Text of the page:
Frito-Lay's 'Simple' Touch = Happine$$ For Pepsi


Frito-Lay had a big 2009 in spite of -- or maybe because of -- the economy. This year, the company will continue a strategy that moved mountains last year for the Lay's brand by focusing on the local nature of its raw ingredients and the fact that products like Lay's Classic are just potatoes, oil and salt.

The company is also moving 60% of its portfolio to all-natural this year. The effort will continue a branding theme that helped win the company two silver Effies this year for its "Happiness is Simple" campaign, which features real potato farmers whose yield is bought by Lay's for production and retail distribution nearby.

Gannon Jones, VP for portfolio marketing at the Dallas-based PepsiCo division, tells Marketing Daily the focus on local and simple ingredients was partly an effort to change consumer perception, especially as regional and niche competitors from Terra Chips to Cape Cod Potato Chips tout a handmade ethos, or all-natural recipes.



"When we did market research on this, telling consumers that Classic Lay's has three ingredients -- salt, potatoes and oil -- we were amazed to find how few people even knew that. Forty percent didn't realize that Lay's are made with real potatoes."

The company's local-focus campaign last year was "a way to tell the [simple ingredients] story in the most powerful way by humanizing it," says Jones, who adds that Lay's has some 86 potato farmers across the U.S. "It was at the growers convention last year that we first tapped into the idea of giving farmers a voice."

The campaign, which launched during the summer growing season, featured farmers from places like California, Florida, Michigan and Texas telling stories about their farms. The company made creative region-specific -- a spot for New England featured a farmer from Maine, for instance.

The effort, via Juniper Park, Toronto, also included the largest retail push for the company, with in-store materials touting local-grown sourcing. Individual packages also had a "Potato Tracker," a code that could be entered online to find out where the potatoes in that bag came from.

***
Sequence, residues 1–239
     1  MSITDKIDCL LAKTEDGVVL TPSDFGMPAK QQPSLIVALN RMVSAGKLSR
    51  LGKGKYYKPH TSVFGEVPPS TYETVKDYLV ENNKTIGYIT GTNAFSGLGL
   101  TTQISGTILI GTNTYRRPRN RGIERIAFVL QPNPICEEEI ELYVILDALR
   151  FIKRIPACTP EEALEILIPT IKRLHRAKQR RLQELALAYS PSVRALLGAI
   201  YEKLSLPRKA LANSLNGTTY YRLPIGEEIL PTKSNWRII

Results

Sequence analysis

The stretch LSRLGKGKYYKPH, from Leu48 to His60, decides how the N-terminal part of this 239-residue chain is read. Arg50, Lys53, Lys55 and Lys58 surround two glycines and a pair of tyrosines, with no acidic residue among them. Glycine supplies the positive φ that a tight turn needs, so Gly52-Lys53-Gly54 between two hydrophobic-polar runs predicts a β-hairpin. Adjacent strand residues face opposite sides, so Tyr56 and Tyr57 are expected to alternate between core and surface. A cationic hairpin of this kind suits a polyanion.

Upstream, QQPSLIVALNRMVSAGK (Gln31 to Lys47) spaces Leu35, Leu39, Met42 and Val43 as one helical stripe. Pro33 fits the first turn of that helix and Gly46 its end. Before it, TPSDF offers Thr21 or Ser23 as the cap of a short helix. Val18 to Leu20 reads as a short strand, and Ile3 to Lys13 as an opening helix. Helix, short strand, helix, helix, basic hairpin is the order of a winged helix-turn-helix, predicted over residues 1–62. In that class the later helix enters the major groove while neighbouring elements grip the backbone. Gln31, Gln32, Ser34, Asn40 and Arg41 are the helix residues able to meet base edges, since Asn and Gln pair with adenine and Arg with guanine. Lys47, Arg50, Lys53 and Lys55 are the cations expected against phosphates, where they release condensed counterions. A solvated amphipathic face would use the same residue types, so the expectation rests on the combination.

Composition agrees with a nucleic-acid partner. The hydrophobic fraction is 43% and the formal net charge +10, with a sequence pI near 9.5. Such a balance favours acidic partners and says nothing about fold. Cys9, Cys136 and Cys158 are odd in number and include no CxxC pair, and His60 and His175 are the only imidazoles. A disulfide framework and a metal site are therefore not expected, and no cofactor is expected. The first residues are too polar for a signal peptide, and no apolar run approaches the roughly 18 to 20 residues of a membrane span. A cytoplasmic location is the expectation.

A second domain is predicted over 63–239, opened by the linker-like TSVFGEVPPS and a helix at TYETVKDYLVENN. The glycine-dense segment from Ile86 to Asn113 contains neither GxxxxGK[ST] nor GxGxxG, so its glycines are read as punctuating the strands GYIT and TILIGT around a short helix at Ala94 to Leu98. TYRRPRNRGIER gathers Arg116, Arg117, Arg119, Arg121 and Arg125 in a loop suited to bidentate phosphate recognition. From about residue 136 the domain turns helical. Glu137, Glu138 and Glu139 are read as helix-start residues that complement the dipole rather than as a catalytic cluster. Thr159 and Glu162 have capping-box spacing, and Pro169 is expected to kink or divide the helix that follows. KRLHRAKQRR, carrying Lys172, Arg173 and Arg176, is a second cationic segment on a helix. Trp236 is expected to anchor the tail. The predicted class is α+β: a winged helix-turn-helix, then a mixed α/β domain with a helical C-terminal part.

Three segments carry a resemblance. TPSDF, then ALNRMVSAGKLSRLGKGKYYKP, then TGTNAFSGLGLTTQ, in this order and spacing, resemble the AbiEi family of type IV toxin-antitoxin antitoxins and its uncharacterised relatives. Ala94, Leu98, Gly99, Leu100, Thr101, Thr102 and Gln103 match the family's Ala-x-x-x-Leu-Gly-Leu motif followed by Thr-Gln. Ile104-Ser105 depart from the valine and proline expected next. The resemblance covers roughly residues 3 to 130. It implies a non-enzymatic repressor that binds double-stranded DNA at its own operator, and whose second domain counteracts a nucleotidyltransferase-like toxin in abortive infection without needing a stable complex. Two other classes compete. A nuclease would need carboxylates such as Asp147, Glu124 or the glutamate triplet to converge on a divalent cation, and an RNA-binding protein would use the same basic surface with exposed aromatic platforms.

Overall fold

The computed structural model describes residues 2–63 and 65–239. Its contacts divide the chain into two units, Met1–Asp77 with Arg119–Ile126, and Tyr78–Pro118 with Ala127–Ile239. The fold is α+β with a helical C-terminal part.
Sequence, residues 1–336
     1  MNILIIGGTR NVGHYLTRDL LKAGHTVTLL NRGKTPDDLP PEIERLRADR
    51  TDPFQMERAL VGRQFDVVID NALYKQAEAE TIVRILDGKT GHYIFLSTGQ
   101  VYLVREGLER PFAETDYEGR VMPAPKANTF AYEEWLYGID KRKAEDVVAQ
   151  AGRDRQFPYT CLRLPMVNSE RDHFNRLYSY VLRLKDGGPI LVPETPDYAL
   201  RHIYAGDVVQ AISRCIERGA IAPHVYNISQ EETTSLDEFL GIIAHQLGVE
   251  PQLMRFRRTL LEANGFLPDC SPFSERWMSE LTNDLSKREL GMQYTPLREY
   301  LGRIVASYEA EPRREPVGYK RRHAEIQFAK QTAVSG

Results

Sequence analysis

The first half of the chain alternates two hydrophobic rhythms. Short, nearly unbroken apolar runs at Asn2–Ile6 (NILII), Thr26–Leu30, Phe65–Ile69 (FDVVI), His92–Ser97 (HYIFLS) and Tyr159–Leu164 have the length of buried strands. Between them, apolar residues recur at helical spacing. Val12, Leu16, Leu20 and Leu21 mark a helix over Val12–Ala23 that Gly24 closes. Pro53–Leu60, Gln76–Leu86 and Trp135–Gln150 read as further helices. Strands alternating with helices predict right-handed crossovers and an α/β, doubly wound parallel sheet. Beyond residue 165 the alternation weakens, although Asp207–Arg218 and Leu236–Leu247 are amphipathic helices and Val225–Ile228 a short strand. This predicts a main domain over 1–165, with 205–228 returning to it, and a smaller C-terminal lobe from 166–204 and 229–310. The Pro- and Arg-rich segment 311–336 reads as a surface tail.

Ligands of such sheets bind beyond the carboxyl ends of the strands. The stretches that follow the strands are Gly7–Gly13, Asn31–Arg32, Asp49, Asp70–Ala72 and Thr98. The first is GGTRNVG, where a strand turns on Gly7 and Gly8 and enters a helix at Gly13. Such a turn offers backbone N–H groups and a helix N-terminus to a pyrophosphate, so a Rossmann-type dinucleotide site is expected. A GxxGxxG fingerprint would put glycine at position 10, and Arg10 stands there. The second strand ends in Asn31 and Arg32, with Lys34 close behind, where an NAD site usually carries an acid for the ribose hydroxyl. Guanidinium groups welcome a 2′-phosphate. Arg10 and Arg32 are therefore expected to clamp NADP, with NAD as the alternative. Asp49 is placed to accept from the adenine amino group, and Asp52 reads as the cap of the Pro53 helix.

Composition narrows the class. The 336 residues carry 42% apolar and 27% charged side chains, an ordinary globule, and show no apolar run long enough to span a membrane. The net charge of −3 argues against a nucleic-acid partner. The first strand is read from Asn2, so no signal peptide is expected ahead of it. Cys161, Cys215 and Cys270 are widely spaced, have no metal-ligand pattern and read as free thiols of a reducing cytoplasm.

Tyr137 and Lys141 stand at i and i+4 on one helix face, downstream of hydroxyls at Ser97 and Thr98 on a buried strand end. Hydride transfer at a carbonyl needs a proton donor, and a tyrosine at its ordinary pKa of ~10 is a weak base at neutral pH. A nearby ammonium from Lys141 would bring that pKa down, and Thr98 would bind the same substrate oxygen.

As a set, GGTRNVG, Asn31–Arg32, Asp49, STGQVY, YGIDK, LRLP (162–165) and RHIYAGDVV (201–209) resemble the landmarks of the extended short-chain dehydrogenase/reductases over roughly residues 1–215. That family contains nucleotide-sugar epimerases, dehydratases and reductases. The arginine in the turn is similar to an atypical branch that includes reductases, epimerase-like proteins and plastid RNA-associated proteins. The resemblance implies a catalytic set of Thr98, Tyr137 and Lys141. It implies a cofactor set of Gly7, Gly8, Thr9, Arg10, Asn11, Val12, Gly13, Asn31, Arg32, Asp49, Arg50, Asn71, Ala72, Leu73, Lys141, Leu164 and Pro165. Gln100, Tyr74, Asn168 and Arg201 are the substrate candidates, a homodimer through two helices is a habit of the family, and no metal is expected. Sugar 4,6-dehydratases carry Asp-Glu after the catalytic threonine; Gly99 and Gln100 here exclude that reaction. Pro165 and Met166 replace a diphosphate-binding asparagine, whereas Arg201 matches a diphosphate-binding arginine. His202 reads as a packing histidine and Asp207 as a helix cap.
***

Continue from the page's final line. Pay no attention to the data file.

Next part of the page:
"We grew equity, regard, and household penetration for the first time in five years last year," says Jones. "We grew the business by half a billion dollars." He says the company, which is continuing the "simple ingredients" strategy this year, is promoting its Lay's Kettle Cooked brand. He explains that kettle cooking means the potatoes are more thickly sliced and cooked in kettles instead of on flat surfaces, resulting in 25% less fat and sodium.

It's using Juniper Park to develop non-traditional out-of-home programs like a billboard in San Francisco raised this week that is made of wood, resembling the brand and packaging imagery, that is being hand-carved to bring the message, "All Natural Ingredients, Crafted with Care," into relief.

"The problem was awareness; we were disadvantaged because we had never advertised [Lay's Kettle]. But we launched new packaging this year and have begun advertising for the first time ever and are introducing eight new flavor extensions," says Jones, who adds that the Kettle brand has gained 30% in year-over-year sales and 5% in market share.

At the 42nd annual Effie Awards on Tuesday night, Frito-Lay won four other silvers. Two (Brand Experience and Media Innovation) were for "Only in a Woman's World" via Juniper Park and OMD. The program featured 18 viral videos launched to promote three of its snack product lines to women.

Jones says the videos garnered 20 million video views and were Top 10 viral videos worldwide five times last year. The company also won two Effies for SunChips' conversion of its plant to solar power and of packaging to compostable bags and concomitant marketing via Juniper Park with creative that shows how the bags biodegrade.

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